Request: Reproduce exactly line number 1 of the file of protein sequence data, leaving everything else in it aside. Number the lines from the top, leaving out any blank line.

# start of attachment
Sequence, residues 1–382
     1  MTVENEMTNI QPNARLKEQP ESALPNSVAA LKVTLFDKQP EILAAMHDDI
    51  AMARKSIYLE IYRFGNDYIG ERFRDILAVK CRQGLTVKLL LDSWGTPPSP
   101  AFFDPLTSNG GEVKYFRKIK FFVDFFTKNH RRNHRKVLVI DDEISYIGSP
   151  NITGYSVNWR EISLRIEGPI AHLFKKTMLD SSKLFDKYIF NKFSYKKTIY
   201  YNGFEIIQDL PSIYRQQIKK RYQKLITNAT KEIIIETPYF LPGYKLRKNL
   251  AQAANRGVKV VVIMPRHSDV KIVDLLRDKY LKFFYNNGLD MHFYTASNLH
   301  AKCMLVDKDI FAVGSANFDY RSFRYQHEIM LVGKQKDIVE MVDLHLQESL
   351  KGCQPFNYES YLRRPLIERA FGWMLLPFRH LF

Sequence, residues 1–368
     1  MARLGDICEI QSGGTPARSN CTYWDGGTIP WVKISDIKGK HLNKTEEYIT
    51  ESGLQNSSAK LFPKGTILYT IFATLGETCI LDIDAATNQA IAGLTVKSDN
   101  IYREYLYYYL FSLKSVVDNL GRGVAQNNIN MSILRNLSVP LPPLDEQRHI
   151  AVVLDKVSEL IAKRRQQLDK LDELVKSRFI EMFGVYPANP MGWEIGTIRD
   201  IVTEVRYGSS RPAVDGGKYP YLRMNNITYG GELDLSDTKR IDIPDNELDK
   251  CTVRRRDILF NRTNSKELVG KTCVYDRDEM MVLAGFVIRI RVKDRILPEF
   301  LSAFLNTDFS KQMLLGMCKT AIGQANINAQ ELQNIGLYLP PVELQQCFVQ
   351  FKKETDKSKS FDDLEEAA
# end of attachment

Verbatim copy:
Sequence, residues 1–382